By Connie Davis Bushey
News Editor, Baptist and Reflector
UNION CITY — On a recent Tuesday Peggy Robinson was interviewed by someone from NBC Nightly News in New York City.
Robinson, a long-time member of Second Baptist Church here, is becoming used to the media attention which has extended to media in other countries.
It probably started around Sept. 9 when a video of her and her fellow “Bag Ladies” who make mats for the homeless out of plastic bags was posted online. Produced by WPSD-TV in Paducah, Ky., the video and story appeared on WPSDlocal6.com and the station’s Facebook page. The video went viral with currently 14 million views.
Or it may have started Aug. 25 when a Jackson TV station reported on the Bag Ladies.
Since then about 800 e-mails — as many as 150 a day — from all 50 states and multiple countries including Australia, England, India, France, Canada, New Zealand, Argentina, Mexico, and Kenya, Africa started flooding the church. The church’s e-mail address was mentioned at the end of at least one TV station’s online story about the Bag Ladies.
TV and radio stations also kept calling the church. Robinson started sharing the opportunity for interviews with fellow Bag Ladies Patty Arnold and Janice Akin. Akin was interviewed by ABC News in New York City. The TV stations will often use the video made by an affiliate located close to Union City to complete a story.
Randy Pool, director of Mississippi River Ministry for the Tennessee Baptist Convention, who is involved in the ministry, also joined the group of spokespersons for the Bag Ladies. He was interviewed for a story which appeared with photos in a newspaper in France and by a TV station in Missouri.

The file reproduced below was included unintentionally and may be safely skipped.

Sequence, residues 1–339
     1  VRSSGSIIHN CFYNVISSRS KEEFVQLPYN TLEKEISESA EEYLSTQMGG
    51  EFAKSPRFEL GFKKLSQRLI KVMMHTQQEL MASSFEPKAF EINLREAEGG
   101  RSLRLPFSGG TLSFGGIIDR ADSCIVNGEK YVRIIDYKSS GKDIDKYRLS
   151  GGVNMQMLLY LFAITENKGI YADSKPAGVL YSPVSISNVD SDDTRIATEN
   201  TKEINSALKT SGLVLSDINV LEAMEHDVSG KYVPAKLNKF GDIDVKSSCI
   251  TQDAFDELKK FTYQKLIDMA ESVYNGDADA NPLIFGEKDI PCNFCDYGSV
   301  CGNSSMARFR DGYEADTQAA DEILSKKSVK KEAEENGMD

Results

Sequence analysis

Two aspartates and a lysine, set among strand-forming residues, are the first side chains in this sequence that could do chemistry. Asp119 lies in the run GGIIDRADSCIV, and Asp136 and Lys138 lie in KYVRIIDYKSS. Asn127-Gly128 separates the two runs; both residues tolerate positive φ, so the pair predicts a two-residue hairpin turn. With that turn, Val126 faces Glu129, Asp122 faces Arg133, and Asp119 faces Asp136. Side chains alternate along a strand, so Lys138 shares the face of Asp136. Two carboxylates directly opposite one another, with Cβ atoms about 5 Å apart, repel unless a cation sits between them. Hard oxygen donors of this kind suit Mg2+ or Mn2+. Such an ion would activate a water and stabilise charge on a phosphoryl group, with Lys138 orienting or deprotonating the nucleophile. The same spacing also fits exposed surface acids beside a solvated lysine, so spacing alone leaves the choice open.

To appropriately respond to those asking for help by e-mail, Akin and others made an instructional video and posted it on the church’s website (see below). That was completed a few weeks ago. Now a link to that page is included in many e-mails, said Beth Edmaiston, church secretary.
Edmaiston and the other two church secretaries, who admitted that at times they have been overwhelmed by all of the e-mails and phone calls, also have printed out all e-mails so the Bag Ladies can help them refer people to others who can help them. The church secretaries were glad to report that the number of e-mails have tapered off some.
All of the interest in the ministry is a surprise to everyone involved. The Bag Ladies have made the mats for about two years.
Robinson, who leads the Bag Ladies, said she learned about the ministry from Pool during an associational Woman’s Missionary Union conference. The project was developed by national WMU about eight years ago. At Second Baptist about 25 Bag Ladies from about four churches meet each Thursday morning to work together as they enjoy each other’s company.
The fact that the mats protect homeless people from the ground as well as provide some cushion is an attraction as well as the recycling of the bags, leaders agreed. Pool has distributed them in Memphis through several ministries there. Also, the Bag Ladies have distributed them locally and sent some to Louisiana after the recent floods. The mats from Second include a tract on the plan of salvation.
“Everybody seems to want to be in on what God seems to be lifting up,” said Robinson. For instance, a church in Kentucky bought and sent 5,000 new bags to them.
“Nobody can really take credit for it which is good,” added Robinson, referring to all the interest.
She has learned that many reporters are put off by the church involvement and any reference to Jesus so she has begun working in those references with wisdom.
Edmaiston noted that one e-mail that touched her the most was the one from a person in Rome, Italy, who wrote in English of stepping over homeless people. She wrote that now she felt she could help them.
Robinson said that after all of the media attention wanes, the Bag Ladies will continue to meet though now they often discuss the e-mails they have received that week and how to connect folks requesting help to those offering help.
For instance, they often ask people if they are affiliated with a church so they might help meet some spiritual needs of the person e-mailing them, Robinson added.
One unusual fact is that many who live here are not aware of the global attention directed at the Union City church, said Robinson. That’s okay too, she added.
“If we can get somebody else doing this then that is doing a lot,” said Robinson.